Sunk Costs and Market Structure: Price Competition, Advertising, and the Evolution of Concentration
|Rating||:||4.55 (650 Votes)|
|Number of Pages||:||577 Pages|
. A must reading for students in the field." —Jean Tirole, Scientific Director at the Institut d'Economie Industrielle, Researcher at CERAS (of the Ecole Nationale des Ponts et Chaussées), and Visiting Professor at MIT. Econometric tests and industry studies are carefully guided by sound theory. "An excellent piece of empirical work by a leader in industrial organization
Stephen R. Laniel said Terrific introduction to the industrial-org literature, and a revolution in economic method. John Sutton tells us that there's a tension in the study of why industries are structured the way they are. If you want to study, say, why the microprocessor industry is concentrated (closer to monopoly) whereas the cement industry is not, you can come up with models that contain lots of detail about individual industries and are therefore not of much general use; or you can put forth very vague assumptions that apply across the general run of companies. _Sunk Costs and Market Structure_ is an attempt to strike a good compromise between these two ext. Exogenous barriers to entry and market structure I studied this book in my first year of graduate school in economics in a course on Industrial Organization. I highly recommend this book. It is NOT a text book, it does not review the state of the art in I.O., it is Sutton's theory about market structure and concentration as shaped by EXOgenous barriers to entry.I liked the book because it tries to explain market structure using OBSERVABLE variables, because it tests the theory both via case study and via econometric methods and because it is full of innovative ideas. I want to mention in particular. Excellent introduction to advertising and industrial organization arrow While the material is a little dated (as is my recollection of the book), but this book provides an excellent overview of the empirical evidence regarding advertising from an industrial organization perspective. A theoretical context is provided and related to the empirical literature. This is a useful introduction for someone looking to do research on advertising economics.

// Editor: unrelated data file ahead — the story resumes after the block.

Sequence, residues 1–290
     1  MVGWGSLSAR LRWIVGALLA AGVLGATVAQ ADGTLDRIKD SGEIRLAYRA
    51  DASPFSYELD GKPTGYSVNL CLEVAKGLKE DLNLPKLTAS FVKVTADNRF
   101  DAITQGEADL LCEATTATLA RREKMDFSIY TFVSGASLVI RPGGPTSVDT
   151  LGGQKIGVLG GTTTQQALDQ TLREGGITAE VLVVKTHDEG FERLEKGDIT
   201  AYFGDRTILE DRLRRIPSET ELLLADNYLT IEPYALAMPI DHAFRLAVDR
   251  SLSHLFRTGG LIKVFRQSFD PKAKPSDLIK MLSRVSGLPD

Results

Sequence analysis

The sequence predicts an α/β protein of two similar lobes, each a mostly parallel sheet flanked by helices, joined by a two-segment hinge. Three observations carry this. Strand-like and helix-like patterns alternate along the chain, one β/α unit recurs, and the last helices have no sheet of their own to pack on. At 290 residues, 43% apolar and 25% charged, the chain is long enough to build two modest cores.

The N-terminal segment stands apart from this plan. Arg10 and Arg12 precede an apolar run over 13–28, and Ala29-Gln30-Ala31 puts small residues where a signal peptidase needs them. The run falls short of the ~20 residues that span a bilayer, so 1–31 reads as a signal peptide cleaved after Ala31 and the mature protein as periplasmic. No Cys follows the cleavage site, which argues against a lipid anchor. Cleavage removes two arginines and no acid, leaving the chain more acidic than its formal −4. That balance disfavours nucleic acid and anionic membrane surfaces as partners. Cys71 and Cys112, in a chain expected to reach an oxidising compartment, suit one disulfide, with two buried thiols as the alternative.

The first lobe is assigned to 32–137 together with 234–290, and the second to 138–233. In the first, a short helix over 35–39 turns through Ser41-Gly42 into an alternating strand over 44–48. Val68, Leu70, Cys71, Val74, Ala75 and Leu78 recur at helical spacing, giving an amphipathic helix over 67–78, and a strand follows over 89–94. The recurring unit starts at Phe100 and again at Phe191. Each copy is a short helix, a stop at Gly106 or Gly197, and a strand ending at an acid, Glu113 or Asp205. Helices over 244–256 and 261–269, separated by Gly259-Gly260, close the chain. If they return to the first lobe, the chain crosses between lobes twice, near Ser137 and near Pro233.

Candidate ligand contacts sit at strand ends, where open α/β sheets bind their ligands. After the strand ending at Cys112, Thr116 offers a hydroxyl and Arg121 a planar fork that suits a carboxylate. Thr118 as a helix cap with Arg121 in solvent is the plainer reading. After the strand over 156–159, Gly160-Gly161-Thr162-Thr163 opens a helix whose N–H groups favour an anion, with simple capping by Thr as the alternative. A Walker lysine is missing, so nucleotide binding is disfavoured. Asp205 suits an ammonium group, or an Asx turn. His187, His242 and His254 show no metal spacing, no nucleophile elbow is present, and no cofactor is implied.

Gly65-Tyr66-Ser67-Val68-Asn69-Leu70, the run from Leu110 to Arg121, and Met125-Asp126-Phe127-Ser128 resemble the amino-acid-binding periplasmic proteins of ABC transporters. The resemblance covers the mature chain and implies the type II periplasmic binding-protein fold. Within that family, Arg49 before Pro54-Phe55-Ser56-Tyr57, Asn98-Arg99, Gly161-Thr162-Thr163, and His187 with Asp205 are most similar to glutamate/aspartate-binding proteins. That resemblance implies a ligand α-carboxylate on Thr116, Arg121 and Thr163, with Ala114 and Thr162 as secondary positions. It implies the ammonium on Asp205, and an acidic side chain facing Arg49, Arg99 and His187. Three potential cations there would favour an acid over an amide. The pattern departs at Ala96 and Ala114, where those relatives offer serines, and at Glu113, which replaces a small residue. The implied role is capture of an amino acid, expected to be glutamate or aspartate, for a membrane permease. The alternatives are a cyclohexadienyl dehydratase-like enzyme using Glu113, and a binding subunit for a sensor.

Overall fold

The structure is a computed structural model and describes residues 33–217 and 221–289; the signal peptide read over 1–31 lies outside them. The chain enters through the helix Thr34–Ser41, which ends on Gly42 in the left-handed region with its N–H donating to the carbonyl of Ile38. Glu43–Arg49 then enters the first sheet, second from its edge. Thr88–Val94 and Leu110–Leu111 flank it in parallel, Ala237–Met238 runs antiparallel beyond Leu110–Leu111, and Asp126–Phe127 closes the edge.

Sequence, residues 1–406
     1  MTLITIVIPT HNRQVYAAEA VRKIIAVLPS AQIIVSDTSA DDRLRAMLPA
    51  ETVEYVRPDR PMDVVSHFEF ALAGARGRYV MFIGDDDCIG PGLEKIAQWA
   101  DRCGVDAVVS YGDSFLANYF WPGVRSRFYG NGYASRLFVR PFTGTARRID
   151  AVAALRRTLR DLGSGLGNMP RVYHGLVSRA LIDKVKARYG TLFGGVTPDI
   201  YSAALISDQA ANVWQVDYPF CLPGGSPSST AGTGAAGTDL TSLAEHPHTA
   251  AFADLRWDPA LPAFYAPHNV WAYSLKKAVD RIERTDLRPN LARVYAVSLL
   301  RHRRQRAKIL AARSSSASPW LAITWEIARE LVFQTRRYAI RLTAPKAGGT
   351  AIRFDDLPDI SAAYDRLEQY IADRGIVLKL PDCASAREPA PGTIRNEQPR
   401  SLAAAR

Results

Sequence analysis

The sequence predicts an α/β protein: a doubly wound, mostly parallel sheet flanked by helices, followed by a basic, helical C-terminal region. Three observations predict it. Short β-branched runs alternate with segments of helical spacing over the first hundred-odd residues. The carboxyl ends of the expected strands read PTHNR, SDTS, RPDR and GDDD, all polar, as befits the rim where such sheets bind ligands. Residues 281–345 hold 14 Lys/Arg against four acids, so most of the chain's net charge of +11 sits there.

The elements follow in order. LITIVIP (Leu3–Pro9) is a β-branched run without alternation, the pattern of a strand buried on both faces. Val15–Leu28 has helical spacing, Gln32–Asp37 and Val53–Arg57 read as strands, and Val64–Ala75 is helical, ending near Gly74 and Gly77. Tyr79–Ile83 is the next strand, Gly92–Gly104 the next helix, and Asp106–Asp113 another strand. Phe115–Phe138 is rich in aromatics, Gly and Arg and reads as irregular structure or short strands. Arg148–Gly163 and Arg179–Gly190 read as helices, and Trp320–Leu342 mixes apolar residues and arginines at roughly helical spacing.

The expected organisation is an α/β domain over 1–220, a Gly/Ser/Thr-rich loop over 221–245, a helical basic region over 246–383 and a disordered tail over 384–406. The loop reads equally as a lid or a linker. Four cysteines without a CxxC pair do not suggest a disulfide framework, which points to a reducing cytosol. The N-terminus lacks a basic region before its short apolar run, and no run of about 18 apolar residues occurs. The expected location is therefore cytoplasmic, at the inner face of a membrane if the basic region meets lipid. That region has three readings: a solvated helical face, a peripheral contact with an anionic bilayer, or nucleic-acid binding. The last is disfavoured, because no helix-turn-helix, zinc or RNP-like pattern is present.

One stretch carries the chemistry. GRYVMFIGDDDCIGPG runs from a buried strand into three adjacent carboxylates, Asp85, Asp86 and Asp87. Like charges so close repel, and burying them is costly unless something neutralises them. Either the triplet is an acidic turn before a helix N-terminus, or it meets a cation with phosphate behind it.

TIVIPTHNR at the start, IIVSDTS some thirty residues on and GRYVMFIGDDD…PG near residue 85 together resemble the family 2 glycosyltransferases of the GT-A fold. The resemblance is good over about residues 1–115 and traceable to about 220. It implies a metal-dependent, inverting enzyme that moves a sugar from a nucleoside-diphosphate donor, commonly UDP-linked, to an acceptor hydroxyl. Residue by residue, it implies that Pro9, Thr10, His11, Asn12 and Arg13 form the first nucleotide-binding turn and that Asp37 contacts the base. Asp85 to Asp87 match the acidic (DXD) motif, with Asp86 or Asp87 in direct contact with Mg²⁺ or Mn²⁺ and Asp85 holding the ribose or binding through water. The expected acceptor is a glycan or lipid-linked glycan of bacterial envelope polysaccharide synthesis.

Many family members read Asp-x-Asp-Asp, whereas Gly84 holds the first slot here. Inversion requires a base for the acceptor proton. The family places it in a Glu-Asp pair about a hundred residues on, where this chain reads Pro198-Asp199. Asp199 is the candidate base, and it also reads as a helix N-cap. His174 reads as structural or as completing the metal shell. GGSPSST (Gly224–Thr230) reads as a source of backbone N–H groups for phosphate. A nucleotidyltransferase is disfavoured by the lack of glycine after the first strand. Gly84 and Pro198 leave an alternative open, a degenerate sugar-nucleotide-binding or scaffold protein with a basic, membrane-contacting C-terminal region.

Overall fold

Because many results turn out to depend on detailed features of the market that are difficult to measure, some observers argue that the game theory literature offers little basis for the kind of cross-industry studies that have formed the empirical base of the subject since the 1950s. Sutton assembles a matrix of industry studies relating to twenty markets within the food and drink sector, in six countries—France, Germany, Italy, Japan, the United Kingdom, and the United States. Sunk Costs and Market Structure bridges the gap between the new generation of game theoretic models that has dominated the industrial organization literature recently and the traditional empirical agenda of the subject as embodied in the structure-conduct-performance paradigm developed by Joe S. He combines theory, econometric evidence, and a detailed account of the various patterns of evolution of structure found in these industries in a rigorous evaluation of the strengths and limitations of a game-theoretic approach in explaining the evolution of industrial structure.. Using current game-theoretic methods, John Sutton reexamines
John Sutton is Sir John Hicks Professor of Economics at the London School of Economics.